'Rubbish will pile high' and schools close as Scottish council workers vote to strike
Council workers in the GMB and Unison at nine local authorities across Scotland will walk out over a 2 per cent pay increase offered to them by Cosla – the body representing local authorities.
Schools, early years workers and cleansing departments will down tools with dates yet to be confirmed.
Unison, along with Unite and GMB unions – who also represent council workers - have asked for a £3,000 increase and a £12 an hour rate as a minimum for all council workers.
The action was announced after the “biggest ballot in a decade”, with council workers in all local authority areas voting to reject the pay offer, and nine areas meeting the required threshold of 50 per cent turnout for strike action. There were Glasgow, Orkney, Aberdeenshire, East Renfrewshire, North Lanarkshire, South Lanarkshire, Clackmannanshire, Stirling, and Inverclyde.
It comes as strike involving signallers and other Network Rail staff planned for Wednesday is set to see fewer than a tenth of ScotRail services will be able to run.
Cosla leaders will meet on Friday and the Unison says they “must” put forward an improved offer on the table to avoid disruption to council services across Scotland.
Johanna Baxter, Unison head of local government, said: “Council workers south of the border yesterday were offered a flat rate uplift of £1,925, which for those on the lowest pay equates to a 10.5 per cent increase.
“You have to wonder why council workers north of the border have only been offered a measly 2 per cent increase when the cost of living continues to spiral.
“It is clear now that local government workers have had enough and are prepared to strike in the coming weeks unless we see a sensible offer, from Cosla, on the table on Friday.
GMB Scotland senior organiser Keir Greenaway said: “Unless Ministers and Cosla make a significantly improved pay offer for the consultation of our members then strike action is happening across these vital services.
“The 2 per cent cent that’s already been massively rejected is a shameful proposal, it’s worth less than a tenner a week extra for those earning £25,000 or under, and it will turn a cost-of-living crisis into a catastrophe for many workers and their families.
“Two years ago, these workers were applauded on the doorstep by political leaders, but now they are being told to suffer massive real terms pay cuts ahead of a brutal winter with forecasts of double-digit inflation and energy bills over £3,000.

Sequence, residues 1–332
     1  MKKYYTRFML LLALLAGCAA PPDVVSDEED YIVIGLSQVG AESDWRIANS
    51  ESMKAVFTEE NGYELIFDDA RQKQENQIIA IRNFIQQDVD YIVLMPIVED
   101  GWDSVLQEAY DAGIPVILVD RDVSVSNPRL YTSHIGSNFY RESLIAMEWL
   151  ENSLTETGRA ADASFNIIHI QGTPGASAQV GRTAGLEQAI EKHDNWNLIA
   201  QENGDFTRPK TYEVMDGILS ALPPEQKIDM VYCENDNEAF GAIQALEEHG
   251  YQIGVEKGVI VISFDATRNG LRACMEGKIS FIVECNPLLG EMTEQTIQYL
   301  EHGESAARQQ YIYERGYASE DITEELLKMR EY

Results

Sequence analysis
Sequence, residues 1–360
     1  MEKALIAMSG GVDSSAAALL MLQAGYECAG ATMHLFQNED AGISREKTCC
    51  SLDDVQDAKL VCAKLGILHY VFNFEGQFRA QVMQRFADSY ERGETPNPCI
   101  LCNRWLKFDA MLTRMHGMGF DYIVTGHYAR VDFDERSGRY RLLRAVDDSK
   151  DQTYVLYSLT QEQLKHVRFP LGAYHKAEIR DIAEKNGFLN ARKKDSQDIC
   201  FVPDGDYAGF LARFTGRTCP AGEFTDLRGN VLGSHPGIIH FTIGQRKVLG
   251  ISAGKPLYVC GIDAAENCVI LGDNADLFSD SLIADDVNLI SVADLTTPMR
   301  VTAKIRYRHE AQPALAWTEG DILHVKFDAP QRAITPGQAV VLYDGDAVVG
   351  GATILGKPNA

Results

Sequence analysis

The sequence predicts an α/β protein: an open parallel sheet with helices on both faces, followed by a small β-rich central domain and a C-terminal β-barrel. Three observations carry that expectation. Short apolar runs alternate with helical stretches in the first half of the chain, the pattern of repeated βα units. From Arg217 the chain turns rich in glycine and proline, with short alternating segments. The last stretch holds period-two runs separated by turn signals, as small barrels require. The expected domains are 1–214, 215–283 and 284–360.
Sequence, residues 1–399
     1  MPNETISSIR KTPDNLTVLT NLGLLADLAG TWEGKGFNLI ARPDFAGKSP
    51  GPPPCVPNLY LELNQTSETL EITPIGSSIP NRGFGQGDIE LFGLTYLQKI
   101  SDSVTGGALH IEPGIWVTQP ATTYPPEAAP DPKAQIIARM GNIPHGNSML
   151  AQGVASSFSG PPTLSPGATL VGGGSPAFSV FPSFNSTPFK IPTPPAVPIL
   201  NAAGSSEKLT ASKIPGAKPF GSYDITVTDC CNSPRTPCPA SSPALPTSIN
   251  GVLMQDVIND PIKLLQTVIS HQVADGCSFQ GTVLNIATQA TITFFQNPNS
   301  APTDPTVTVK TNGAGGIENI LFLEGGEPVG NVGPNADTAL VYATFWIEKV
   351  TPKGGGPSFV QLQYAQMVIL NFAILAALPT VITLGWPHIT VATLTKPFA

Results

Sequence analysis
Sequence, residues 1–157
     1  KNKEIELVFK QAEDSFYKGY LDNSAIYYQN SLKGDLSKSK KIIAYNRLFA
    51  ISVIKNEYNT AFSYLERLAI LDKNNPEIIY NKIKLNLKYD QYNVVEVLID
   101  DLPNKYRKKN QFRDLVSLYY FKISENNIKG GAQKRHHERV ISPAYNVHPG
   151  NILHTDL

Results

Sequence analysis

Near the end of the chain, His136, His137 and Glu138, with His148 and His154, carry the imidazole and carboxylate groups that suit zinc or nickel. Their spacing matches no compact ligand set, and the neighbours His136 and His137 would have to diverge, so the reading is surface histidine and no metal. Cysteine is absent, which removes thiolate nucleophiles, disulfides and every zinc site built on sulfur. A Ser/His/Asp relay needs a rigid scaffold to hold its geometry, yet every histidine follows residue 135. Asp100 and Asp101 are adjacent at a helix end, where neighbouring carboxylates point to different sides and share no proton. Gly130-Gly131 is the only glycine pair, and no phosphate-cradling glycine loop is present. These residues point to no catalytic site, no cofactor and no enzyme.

“Our members are angry and scared, and the prospect of tens of thousands of council workers falling into the growing ranks of the working poor is not something GMB is prepared to leave unchallenged.”
Scottish Labour said it would “stand in solidarity” with the claims of the workforce for a fair and decent pay increase that meets the rising cost of living.
Councillor David Ross, leader of the Labour group at Cosla, and Mark Griffin MSP, local government spokesperson for the party said in a joint statement: “We are disappointed that the Convention of Scottish Local Authorities (Cosla) has been unable to make a pay offer that would avoid the need for industrial action, but the responsibility for this lies fairly and squarely with the Scottish Government.
“Many local government workers are already low paid. With inflation running at over 9 per cent, it’s not right that they should be forced to rely on benefits to bring their income up to a decent level as the Scottish Government Cabinet Secretary has been quoted as saying. These are the same key workers we clapped for throughout the pandemic – they deserve fair pay not just platitudes.
“Within Cosla, Labour councillors have consistently argued the need for a decent pay rise for our workers and we will continue to press the Scottish Government for the funding necessary to provide this.”
Meanwhile, the Scottish Conservatives say the strike action is “deeply concerning”.
Party chairman Craig Hoy MSP said: “Scotland’s schoolchildren have suffered enough during the pandemic, without their education being further hit.
“Amid a global cost-of-living crisis, it’s understandable that workers are looking for fair and significant pay rises.
“But the root cause of this problem is the SNP Government – because they have systematically underfunded Scotland’s local authorities for years, making it impossible for councils to meet wage demands.
“This year alone, funding to local authorities was cut by £251 million in real terms, according to Cosla.
“Nicola Sturgeon must intervene immediately to prevent these catastrophic strikes going ahead.”
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